Recently I was able to spend some time with a man who has been involved in the world of racing in many ways. Erik Arneson, Director of Media Relations at SPEED, has done everything from motorsports reporting to authoring books about famous drag racers.

I learned a lot from talking with him, and I am sure that anyone reading his replies from this interview will find them as interesting as I did.

JAW: I understand you were born in Takoma Park, MD. Is this area famous for anything? Now that you are living in NC, do you cheer for the Ravens or the Panthers, or another team; or aren't you into football?

Erik: Although the hospital was in Takoma Park, near Washington DC, I grew up on the Severn River near Annapolis, Md – an area rich in history, great seafood and beautiful waterways. In fact, as a kid, I thought more about my first boat than my first car. When it comes to football, believe it or not, I am a lifelong Miami Dolphins fan. My father took me to a Baltimore Colts game in 1972 and they were playing the Dolphins. Miami had a great team that year – started collecting their football cards and have been a fan ever since. I do, however, cheer for the Panthers and my son, Jaret, is a huge Jake Delhomme fan.

JAW: What were your favorite possessions when you were a little kid?

Erik: My fishing pole and my crab net – I was on the water every day the weather allowed.

JAW: We have a lot of pets. Did you have any pets when you were young? How about now?

Erik: Always had dogs growing up, had a guinea pig, fish, hamsters, a mouse and of course, we brought home dozens of box turtles, lizards and anything else we caught. Now, my kids have a hamster and we are shopping for a dog.

JAW: When you were in high school, were you the nerd, the bully, the hot guy, or something else ? What was your hairstyle then? Is it the same now?

Erik: Wow, I was a little bit of everything ... Senior class president with good grades, played varsity sports, but got in my share of trouble too. Voted "Most School Spirited" and was sports editor for the school paper. Went to Cocoa Beach High in Florida, so school had a real easy-going beach attitude ... didn't seem to be as many clicks as other schools. If the weather was good and the surf was up, there were a lot of empty chairs in the classrooms. As for hairstyles, quite a few mullets and a lot of sun-streaked surfer mops, but mine wasn't anything special – a lot shorter now.

JAW: Did you work at any jobs while you were in school?

Erik: First paycheck came as a bag boy for a Winn Dixie grocery story in Cocoa Beach when I was in 10th grade I made a whopping $3.35 an hour and I think my first check was for about $30.

JAW: What did you do when you graduated? What college did you go to?

Erik: Went to Brevard Community College and the University of Alabama – Roll Tide!

JAW: How did you become an employee of USA Today? Did you use computers to be the sports page designer?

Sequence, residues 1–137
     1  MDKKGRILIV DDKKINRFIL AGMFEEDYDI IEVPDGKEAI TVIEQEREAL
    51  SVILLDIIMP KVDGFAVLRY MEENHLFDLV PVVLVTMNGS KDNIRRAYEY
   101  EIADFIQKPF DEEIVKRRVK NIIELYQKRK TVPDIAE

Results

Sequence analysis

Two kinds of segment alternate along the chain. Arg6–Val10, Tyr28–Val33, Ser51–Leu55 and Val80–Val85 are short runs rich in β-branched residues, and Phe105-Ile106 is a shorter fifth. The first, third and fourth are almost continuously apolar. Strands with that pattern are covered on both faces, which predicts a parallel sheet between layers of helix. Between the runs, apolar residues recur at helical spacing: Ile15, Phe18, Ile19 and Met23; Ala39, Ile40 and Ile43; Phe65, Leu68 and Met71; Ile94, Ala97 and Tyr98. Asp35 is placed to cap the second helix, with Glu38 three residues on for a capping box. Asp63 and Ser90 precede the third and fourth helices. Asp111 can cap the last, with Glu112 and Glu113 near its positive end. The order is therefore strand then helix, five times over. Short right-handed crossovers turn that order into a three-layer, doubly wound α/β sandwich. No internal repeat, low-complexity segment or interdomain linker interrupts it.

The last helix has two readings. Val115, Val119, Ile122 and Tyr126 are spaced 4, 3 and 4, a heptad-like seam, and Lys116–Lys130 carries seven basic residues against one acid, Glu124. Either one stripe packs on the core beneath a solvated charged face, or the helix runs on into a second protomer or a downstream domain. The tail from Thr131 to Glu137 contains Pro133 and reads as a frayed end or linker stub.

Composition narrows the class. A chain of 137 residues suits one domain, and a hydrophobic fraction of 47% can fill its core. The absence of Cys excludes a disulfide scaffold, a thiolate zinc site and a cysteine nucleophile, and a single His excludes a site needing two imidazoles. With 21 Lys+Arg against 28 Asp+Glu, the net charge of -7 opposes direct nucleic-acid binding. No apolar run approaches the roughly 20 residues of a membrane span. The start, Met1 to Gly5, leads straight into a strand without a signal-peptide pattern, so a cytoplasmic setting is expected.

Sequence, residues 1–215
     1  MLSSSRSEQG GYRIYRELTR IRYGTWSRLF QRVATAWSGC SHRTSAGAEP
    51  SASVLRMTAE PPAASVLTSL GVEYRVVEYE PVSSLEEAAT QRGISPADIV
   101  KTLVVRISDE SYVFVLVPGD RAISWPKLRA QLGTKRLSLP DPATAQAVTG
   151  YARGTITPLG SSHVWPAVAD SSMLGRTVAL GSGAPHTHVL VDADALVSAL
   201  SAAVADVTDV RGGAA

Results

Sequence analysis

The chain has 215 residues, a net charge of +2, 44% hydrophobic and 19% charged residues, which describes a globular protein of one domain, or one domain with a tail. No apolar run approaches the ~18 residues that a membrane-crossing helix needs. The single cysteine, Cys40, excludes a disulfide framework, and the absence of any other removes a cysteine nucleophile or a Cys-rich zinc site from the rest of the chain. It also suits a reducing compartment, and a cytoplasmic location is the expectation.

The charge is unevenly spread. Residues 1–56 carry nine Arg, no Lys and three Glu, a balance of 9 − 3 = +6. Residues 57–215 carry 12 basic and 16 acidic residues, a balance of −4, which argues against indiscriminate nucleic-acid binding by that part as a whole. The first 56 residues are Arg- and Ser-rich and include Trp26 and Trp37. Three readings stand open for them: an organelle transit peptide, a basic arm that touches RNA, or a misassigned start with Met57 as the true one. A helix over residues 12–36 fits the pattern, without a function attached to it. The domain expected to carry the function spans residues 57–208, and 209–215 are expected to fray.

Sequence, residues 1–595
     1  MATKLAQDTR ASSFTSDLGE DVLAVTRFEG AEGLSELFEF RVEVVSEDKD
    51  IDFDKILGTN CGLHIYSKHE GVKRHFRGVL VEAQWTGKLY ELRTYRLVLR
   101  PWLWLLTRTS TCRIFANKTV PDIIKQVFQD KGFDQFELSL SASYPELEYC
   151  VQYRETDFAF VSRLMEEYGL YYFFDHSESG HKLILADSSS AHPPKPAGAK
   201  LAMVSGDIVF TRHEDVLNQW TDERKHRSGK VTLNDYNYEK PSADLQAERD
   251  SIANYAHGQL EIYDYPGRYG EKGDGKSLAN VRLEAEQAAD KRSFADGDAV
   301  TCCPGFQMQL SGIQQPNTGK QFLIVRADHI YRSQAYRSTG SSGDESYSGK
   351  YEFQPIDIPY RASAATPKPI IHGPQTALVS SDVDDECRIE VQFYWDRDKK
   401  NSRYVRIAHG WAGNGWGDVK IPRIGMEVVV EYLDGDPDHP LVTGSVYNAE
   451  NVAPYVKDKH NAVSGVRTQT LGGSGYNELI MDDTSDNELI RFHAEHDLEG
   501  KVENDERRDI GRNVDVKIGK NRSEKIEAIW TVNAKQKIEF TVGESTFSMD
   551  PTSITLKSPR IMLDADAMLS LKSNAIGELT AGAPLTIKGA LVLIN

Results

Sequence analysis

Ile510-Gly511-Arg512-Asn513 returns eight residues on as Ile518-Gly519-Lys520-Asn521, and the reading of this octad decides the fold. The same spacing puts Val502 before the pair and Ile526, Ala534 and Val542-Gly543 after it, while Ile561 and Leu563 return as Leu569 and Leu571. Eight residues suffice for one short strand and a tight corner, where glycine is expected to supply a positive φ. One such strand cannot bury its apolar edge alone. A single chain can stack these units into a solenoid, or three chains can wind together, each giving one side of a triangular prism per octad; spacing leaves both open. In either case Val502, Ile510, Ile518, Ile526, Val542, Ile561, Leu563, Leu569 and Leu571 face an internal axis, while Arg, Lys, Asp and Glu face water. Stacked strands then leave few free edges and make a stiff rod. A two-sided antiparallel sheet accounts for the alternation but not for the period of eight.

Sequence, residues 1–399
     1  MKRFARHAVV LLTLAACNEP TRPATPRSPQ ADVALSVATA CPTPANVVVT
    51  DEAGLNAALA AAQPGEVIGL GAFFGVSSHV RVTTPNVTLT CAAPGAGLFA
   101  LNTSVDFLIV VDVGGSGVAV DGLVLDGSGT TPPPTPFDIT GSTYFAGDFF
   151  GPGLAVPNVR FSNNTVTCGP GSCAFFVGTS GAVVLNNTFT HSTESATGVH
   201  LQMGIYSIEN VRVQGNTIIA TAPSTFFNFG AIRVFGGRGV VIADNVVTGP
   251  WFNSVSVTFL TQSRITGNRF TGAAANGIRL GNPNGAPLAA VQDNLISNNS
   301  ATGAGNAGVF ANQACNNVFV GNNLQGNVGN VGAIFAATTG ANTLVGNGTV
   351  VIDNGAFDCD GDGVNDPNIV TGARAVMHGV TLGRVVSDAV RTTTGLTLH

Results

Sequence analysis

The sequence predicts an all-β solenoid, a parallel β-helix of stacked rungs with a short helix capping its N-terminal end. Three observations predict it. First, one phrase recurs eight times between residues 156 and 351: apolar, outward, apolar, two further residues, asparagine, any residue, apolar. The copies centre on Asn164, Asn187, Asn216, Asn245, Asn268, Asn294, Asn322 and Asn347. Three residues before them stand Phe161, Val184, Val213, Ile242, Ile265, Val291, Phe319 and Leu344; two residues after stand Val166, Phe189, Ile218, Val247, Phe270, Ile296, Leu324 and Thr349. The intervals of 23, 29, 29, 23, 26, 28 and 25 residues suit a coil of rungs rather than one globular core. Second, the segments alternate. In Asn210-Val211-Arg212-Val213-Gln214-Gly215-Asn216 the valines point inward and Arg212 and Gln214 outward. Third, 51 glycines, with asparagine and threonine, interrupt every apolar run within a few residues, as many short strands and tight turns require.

Erik: My first newspaper job was with Florida Today, another newspaper started by Al Neuharth, the gentleman who started USA Today. I got a lot of good experience there and then moved back to Maryland and went to work at USA Today in Virginia, first as an agate editor, answering phones and coding up sports box scores ... the design work came later, and yes it is done on a computer. The last one I worked on was the CCI system from Denmark.

JAW: Not only did you hold that position, but you also were a motorsports reporter for that newspaper for eight years in the 1990s. Did you cover all types of racing, or just NHRA?

Erik: The motor sports editor at the time gave me the opportunity to write about whatever I wanted ... I just happened to enjoy drag racing. I really love the idea of having to perform under such pressure, when one mistake sends you home.

JAW: What racing personality did you interview that you consider the most significant during that time? Who was the most fun?

Erik: Most significant, without a doubt, was Darrell Gwynn. He's become a true friend. Shirley Muldowney and John Force were both fun interviews for different reasons. John is just out of control with everything he does, including interviews ... and Shirley gives you the most honest interview in the business.

JAW: Did you ever meet or interview Dale Earnhardt?

Erik: Met him briefly in a group setting – never interviewed him. After his death, I did a feature for USA Today: Small Town Grieves For Its Favorite Son and a column for Forever Fans

JAW: Did you ever have anything happen to you while you were a reporter that was fun or frightening at any of the tracks?

Erik: The first time I got to stand at the Christmas Tree between two Top Fuel dragsters was an amazing experience. To feel that power that close to you and to be standing right there when they launch 6,000-HP, it's a feeling you don't soon forget.

One time at a NASCAR race in Daytona, I was leaving the track in a rental car and I pulled up along side Richard Petty, who was on a scooter. I offered to race him and we both laughed as he grabbed his hat and hit the gas.

And here are two very unique and enjoyable experiences (and ones my brothers are very jealous of):

While doing PR for Clear Channel Motorsports, I was given the opportunity to drive the famous monster truck "Gravedigger" ... even got to crush a couple of cars – very cool!

And just a few weeks ago, I got the chance to participate in the Jeff Gordon Driving School ... I drove the No. 15 NAPA car of Michael Waltrip at 140 mph around Lowe's Motor Speedway.

JAW: What was the worst accident you ever witnessed?

Erik: Champ Car driver Greg Moore's death at Fontana – the most violent thing I've ever seen ... I was working for Mercedes at the time and Greg was one of our drivers.

JAW: What's the craziest thing you ever saw a fan do?

Erik: Fans NEVER surprise me ... they can be incredibly rude or incredibly nice. They feel a very personal connection to their drivers and their sport and when you are that emotionally attached to something, anything can happen. You'd never seen anyone camp four days to see a football game, so racing fans are hardcore, unpredictable and a whole lot of fun for the most part.

JAW: I had trouble wearing earplugs when I was at Bristol Motor Speedway for a race. They weren't comfortable to me. Did you wear earplugs when you were at racetracks?

Erik: I wear them for the nitromethane cars at drag races and I wear them at small NASCAR tracks ... I don't like them either.